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In my work, I often have to take a naive look at tables and then never see them again, and it can be difficult to see what lines up where for large databases with many columns. I wrote this, and while it works, it seems to require an unnecessary number of joins. I'm wondering if there is a better way to handle this issue or a way to cut down the code.

select A.COLUMN_NAME as 'Similar Column', y.TABLE_NAME as 'First Table', z.TABLE_NAME as 'Second Table'
from INFORMATION_SCHEMA.COLUMNS A
full outer join INFORMATION_SCHEMA.COLUMNS B
    on A.COLUMN_NAME = B.COLUMN_NAME
cross apply (
    SELECT TABLE_NAME FROM INFORMATION_SCHEMA.TABLES WHERE TABLE_TYPE='BASE TABLE') as y 
cross apply (
    SELECT TABLE_NAME FROM INFORMATION_SCHEMA.TABLES WHERE TABLE_TYPE='BASE TABLE') as z
where y.TABLE_NAME <> z.TABLE_NAME 
    and A.TABLE_NAME = y.TABLE_NAME 
    and B.TABLE_NAME = z.TABLE_NAME 
order by y.TABLE_NAME,z.TABLE_NAME, a.COLUMN_NAME

I also wonder if there is a way to prevent duplicate entries, in other words, Activity, RMA is the same as RMA, Activity.

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4
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A common-table-expression (See CTE) will help you here quite nicely..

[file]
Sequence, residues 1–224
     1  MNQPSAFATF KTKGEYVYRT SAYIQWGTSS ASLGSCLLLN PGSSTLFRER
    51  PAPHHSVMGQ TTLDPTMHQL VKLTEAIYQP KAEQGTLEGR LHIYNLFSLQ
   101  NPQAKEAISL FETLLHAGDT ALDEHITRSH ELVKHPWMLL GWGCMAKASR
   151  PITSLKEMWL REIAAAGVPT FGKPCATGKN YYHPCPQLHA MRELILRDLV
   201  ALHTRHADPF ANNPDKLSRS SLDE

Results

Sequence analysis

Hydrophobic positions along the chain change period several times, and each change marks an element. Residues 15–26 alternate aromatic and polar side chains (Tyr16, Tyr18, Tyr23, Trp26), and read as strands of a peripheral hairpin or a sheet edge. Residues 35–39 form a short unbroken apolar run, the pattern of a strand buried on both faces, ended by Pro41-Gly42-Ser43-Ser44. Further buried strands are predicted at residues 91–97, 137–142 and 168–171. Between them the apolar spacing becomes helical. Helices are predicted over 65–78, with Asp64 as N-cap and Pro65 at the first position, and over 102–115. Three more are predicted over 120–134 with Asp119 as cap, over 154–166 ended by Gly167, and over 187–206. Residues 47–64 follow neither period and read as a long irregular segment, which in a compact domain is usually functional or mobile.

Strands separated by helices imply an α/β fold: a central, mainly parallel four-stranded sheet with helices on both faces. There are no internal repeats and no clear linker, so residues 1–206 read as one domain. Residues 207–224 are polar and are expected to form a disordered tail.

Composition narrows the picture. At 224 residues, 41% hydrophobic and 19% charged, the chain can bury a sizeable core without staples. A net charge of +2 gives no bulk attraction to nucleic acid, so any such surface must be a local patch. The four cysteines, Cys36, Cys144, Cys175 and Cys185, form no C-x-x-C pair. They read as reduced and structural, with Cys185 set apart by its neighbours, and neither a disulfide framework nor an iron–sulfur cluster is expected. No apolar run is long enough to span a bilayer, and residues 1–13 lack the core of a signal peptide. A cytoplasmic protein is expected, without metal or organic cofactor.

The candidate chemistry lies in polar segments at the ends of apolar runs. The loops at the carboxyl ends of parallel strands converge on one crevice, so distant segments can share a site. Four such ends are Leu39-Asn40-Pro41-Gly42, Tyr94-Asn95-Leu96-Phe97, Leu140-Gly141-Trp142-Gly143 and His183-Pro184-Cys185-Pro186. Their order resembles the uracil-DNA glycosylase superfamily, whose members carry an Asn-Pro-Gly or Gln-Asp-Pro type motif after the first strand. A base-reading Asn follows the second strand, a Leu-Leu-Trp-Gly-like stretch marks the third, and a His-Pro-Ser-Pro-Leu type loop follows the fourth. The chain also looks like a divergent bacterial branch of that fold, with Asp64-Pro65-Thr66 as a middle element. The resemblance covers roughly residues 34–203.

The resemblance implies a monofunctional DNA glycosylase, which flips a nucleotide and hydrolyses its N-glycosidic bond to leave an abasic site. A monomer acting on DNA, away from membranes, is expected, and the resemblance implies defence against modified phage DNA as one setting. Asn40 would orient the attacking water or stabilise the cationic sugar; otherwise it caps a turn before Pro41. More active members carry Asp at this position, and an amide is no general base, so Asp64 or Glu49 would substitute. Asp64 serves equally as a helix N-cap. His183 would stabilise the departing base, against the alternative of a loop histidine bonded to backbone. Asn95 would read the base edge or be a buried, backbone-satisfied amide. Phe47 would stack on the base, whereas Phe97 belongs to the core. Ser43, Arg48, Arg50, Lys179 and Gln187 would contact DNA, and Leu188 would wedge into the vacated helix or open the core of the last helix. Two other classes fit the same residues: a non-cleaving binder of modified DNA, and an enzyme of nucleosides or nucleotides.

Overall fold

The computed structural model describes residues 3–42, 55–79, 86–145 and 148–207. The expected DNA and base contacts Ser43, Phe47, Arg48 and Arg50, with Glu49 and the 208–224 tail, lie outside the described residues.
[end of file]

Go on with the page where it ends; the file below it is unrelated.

with columns as (
    select C.COLUMN_NAME,
           C.TABLE_NAME
    from INFORMATION_SCHEMA.COLUMNS C
    inner join INFORMATION_SCHEMA.TABLES T on T.TABLE_NAME = C.TABLE_NAME
    where T.TABLE_TYPE = 'BASE TABLE')
select C.COLUMN_NAME as 'Similar Column',
       C.TABLE_NAME as 'First Table',
       D.TABLE_NAME as 'Second Table'
from columns C
inner join columns D
   on C.COLUMN_NAME = D.COLUMN_NAME
  and C.TABLE_NAME < D.TABLE_NAME
order by C.TABLE_NAME, D.TABLE_NAME, C.COLUMN_NAME

The above query reduces the complexity of the column/table table joins, and reuses the result. Further, by using < instead of <> on the table-name anti-join, it removes your duplicates.

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  • \$\begingroup\$ Very clever with the less than sign. \$\endgroup\$ – JFA Mar 10 '17 at 21:34
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I asked the database architect/administrator for our group, and in reviewing INFORMATION_SCHEMA.COLUMNS we arrived at the join-golf low score when we noticed that TABLE_NAME is a column in INFORMATION_SCHEMA.COLUMNS, which means two joins can be taken out in favor of a select. Here is the new code:

select x.COLUMN_NAME, x.TABLE_NAME as 'Table 1', y.TABLE_NAME as 'Table 2'
from INFORMATION_SCHEMA.COLUMNS X
join INFORMATION_SCHEMA.COLUMNS y
on x.COLUMN_NAME = y.COLUMN_NAME
and x.TABLE_NAME < y.TABLE_NAME
order by  x.TABLE_NAME, y.TABLE_NAME, x.COLUMN_NAME
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